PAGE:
My name is Clara Wilcox and am a chocoholic. In fact, I love it so much that my first job out of university was selling it….
Just imagine, a Dairy Milk branded van full of Cadburys chocolate bars!
It had got to point though, like any addiction, that the occasional bar wasn’t enough. I’d be jonesing for more every day; when it got to working my way through a sharing size (who ACTUALLY shares chocolate) every day I realised that my waist line and my purse really needed me to stop.
I had tried to reduce my chocolate gluttony before and it hadn’t worked. Don’t get me wrong, I had no intention of giving it up for good (as I am human and LOVE food) but wanted to make it enjoyable and a treat, not a daily endurance of chocolate consumption.
It had become a habit, I actually wasn’t enjoying it. I know from my work as a coach that it takes around 21 days to make or break a habit. I needed to be held accountable, and what better way that to publicly declare I was to give up and raise money.
I joined up to the British Heart Foundation’s Dechox. No chocolate AT ALL for the whole of March. And may I add, that included over Easter (cue: little violins of sympathy).
March came and all I could think about was chocolate; I even dreamt about eating it! On day three of the challenge I went into autopilot at an event. Half way through the second chocolate biscuit I remembered…and it was even caught on camera! I fined myself £5 and carried on!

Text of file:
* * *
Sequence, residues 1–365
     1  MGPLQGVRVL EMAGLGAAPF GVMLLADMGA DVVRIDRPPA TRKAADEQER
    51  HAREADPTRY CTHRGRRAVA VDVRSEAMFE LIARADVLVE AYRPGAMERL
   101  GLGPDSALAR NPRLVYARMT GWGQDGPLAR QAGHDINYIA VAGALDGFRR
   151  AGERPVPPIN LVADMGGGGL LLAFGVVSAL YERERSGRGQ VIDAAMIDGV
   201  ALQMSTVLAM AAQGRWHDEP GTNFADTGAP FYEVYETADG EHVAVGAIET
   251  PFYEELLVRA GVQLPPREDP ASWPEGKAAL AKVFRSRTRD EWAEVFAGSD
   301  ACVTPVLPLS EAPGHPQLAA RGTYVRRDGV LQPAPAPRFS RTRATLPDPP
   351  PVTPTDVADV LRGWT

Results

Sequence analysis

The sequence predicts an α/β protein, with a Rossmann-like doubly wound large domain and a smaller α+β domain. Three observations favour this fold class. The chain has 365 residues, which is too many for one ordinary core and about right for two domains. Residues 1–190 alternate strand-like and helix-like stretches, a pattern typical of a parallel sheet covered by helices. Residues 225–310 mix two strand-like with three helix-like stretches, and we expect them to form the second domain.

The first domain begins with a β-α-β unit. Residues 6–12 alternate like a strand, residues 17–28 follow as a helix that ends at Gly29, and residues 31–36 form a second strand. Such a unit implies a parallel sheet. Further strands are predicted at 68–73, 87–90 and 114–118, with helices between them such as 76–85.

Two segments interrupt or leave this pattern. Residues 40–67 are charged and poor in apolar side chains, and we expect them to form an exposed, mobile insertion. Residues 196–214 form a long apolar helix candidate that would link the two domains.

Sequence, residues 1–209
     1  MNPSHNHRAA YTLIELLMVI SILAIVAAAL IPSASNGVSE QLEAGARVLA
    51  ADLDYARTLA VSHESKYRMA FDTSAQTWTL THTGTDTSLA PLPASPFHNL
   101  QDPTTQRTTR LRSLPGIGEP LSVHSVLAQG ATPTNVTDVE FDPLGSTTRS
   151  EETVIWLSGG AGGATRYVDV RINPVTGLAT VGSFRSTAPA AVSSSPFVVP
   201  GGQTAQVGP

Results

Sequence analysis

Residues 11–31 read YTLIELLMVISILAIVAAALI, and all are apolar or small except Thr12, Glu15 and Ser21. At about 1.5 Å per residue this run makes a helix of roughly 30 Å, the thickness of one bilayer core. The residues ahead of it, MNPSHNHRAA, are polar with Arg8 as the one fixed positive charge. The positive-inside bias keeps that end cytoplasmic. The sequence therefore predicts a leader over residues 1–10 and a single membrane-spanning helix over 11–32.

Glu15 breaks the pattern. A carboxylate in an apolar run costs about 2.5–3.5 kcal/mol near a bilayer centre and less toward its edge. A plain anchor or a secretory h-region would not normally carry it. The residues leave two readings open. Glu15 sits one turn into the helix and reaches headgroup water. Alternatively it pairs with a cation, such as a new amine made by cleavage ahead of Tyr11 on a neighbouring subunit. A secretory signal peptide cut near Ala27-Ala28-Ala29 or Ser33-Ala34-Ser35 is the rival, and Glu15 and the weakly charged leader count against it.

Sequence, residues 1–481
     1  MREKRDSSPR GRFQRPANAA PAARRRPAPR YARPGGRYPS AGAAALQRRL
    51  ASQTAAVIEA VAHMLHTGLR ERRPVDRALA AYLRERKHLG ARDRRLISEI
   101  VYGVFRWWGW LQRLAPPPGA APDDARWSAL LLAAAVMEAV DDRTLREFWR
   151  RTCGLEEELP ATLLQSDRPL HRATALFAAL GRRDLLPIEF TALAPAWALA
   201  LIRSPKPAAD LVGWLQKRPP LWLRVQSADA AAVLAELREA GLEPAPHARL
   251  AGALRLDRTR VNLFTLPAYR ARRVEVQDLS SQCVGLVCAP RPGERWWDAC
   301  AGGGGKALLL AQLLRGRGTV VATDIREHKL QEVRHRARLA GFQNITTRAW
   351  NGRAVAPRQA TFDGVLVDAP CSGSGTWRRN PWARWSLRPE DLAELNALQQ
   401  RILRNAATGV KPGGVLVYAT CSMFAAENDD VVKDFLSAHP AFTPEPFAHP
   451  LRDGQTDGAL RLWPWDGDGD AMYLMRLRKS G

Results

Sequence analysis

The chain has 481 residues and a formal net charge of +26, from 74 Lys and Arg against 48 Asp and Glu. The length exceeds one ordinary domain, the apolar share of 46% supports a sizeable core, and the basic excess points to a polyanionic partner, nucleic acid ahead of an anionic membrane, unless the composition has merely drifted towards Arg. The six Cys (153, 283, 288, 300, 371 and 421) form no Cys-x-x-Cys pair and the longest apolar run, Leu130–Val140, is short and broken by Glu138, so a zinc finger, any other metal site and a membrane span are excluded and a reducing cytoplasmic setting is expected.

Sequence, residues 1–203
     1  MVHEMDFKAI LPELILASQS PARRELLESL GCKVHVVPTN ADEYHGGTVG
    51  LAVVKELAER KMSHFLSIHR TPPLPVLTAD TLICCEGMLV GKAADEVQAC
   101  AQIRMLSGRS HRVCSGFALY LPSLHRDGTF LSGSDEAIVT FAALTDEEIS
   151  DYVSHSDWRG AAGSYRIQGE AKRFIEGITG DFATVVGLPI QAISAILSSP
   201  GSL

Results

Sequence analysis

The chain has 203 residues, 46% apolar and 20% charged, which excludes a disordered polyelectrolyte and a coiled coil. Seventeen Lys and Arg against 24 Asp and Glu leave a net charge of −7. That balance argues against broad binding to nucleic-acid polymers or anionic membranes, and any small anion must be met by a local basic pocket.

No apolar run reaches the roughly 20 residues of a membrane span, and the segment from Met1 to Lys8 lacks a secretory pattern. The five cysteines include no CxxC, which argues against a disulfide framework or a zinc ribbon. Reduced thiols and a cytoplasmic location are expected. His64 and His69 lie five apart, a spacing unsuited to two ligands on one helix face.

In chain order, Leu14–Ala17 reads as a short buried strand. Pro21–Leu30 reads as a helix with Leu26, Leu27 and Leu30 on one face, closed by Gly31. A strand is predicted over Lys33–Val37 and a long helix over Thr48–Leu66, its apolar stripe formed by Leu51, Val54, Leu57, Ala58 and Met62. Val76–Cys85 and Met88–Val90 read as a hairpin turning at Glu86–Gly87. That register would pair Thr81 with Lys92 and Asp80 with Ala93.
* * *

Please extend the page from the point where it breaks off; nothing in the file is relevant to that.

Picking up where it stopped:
Before I knew it, it was the 31st March and I was excited about eating chocolate again. That first bite (which was a Daim chocolate egg if you are interested) was AMAZING. My intake and frequency of eating had reduced and my enjoyment had gone through the roof!
Chocoholic? Take the Dechox Challenge
There are four core aspects of this that made it a success which I wanted to share with you. If you are looking to make or break a habit, this just may help!
1. Publicly announce your intention
Through the dechox challenge I let people know what I was planning to do, but also during the month of March I told people what I was up to. This meant I made myself accountable through this public declaration and gave others permission to check up on what I was doing!
2. Give yourself no chance to give up
I know myself and the fact that this was a habit; automatic behaviours are hard to break. The Dechox chal
lenge gave all participants a ‘fine’ to pay, dependent on the chocolate related slip-up. For me, this wasn’t a chance to justifiably gorge, but forgiveness if I did “fall off the wagon” (even unconsciously in my case). It also meant that I could just restart the challenge, rather than giving up and lamenting my lack of will power!
3. Track your progress
Raising money meant I could see the results on a daily basis; by the end of the challenge I had raised £85! Not only that, I felt better, my wallet was fuller (I estimated I had saved £30 myself). I had considered how to measure my progress and made sure I recognised this.
4. Start with the end in mind
I had end date and a plan for the future. I didn’t want to stop eating chocolate, but used the time to reset the eating to excess. I was aware about what I wanted to do, when I wanted to do it and how I would change in the future. I would remind myself whenever the craving for chocolate kicked in.
So, four simple steps (and a month of self-control) means that I am now a reformed secret chocoholic. What habit could you break in less than a month?
About Clara Wilcox
Clara runs The Balance Collective. She is a mum of two with over a decade’s experience in recruitment and coaching. She offers career and return to work coaching for parents and flexible working consultancy and workshops for businesses.